Comment


                      • #12
                        Excellent RedSoxVT92! Yup, who could believe Robinson as a Giant? And Chuck Hiller as a home run hitter? The Velarde question was a trick for those who might have thought to look it up at the Baseball Almanac, as for some reason they haven't updated the Unassisted Triple Play list. And Broglio's claim to fame was for being traded by the Cardinals to the Cubs for Lou Brock -- another steal by the Cards, so to speak. And note that I said that the home run was HiddenGem's first; we're expecting more.



                        So, RedSoxVT92, you're up with your true-false questions.
                        Last edited by Ursa Major; 03-28-2006, 07:43 PM.
                        sigpicIt's not whether you fall -- everyone does -- but how you come out of the fall that counts.

                        Comment


                        • #13
                          Originally posted by Ursa Major
                          The William Cummings referred to in the question IS "Candy" Cummings. Goldsmith claimed he'd preceded Cummings in throwing it.
                          Ha! I completely overlooked that and just looked at Goldsmith... remember those tests that would say "read all instructions before beginning"?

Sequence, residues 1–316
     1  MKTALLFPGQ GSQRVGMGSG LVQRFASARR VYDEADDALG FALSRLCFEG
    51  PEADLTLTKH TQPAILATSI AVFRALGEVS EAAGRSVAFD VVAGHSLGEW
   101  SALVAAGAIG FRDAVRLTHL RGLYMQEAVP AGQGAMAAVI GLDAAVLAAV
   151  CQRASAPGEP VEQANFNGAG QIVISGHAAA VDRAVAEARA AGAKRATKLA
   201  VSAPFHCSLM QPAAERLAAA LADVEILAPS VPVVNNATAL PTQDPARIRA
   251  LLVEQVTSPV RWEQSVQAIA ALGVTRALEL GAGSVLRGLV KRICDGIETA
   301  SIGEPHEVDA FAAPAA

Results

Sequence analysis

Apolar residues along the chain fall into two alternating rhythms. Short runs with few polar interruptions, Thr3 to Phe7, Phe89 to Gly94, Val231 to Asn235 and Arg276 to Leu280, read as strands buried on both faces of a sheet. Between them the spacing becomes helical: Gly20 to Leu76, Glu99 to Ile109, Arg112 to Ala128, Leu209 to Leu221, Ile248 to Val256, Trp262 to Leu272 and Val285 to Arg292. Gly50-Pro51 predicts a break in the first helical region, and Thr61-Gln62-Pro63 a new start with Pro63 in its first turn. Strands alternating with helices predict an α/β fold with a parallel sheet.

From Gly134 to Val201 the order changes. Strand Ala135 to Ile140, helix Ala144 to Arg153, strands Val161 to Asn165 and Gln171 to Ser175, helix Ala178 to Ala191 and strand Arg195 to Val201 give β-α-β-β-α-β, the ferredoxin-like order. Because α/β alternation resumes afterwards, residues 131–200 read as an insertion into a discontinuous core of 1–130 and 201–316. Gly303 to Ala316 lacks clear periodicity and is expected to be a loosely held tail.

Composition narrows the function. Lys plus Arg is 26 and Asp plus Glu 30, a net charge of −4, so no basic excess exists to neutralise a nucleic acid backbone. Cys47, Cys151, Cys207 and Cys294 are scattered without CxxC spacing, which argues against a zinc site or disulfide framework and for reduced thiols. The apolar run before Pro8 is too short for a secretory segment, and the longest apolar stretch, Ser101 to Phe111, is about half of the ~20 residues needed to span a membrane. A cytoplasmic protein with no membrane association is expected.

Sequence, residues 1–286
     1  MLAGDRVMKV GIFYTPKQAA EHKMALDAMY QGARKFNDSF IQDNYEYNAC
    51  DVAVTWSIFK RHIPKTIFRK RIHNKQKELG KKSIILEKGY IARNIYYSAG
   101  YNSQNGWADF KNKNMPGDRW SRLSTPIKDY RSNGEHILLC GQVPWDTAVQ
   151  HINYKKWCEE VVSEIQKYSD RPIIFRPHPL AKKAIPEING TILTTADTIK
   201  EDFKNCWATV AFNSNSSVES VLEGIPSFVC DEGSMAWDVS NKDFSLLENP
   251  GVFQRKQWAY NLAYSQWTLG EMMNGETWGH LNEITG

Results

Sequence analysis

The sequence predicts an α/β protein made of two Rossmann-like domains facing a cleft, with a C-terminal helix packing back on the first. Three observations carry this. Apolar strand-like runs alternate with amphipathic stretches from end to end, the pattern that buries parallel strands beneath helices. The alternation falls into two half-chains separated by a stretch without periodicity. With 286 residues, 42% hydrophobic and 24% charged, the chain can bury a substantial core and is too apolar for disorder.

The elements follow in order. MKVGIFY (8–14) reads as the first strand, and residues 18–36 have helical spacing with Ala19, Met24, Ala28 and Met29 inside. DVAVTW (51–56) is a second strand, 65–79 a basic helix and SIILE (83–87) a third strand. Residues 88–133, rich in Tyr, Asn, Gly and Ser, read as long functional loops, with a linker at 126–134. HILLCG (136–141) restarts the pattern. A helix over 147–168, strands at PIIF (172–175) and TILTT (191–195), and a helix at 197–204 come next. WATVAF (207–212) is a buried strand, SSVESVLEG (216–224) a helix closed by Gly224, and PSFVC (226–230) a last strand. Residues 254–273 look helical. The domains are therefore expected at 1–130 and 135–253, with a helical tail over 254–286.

I think I should have paid more attention to them...

                          Comment


                          • #14
                            I knew I should have put first and only.

                            True/False: The fastest pitch recorded was thrown by Bob Gibson in 1968 at 100.8 MPH.
                            True/False: The only number one draft pick not to make it to the majors was Brien Taylor.
                            True/False: Cy Young got his 500th win in Boston.
                            True/False: Yogi Berra has played in the most world series games at 75 games.
                            True/False: In 1909 Bill Bergen Hit only 3 extra base hits.
                            go sox.

                            Pigskin-Fever

                            Comment


                            • #15
                              Originally posted by Ursa Major
                              5. False. It was a home game, against Eric Show of the Padres.
                              Sorry to nitpick, but as I've mentioned before, it is my only real skill. Rose got hit 4192 off Eric Show in Cincinnati, at the time it was believed that Cobb had 4191 career hits. As we know, Cobb lost 2 hits, so Rose actually broke the record several days earlier in Chicago.

                              Comment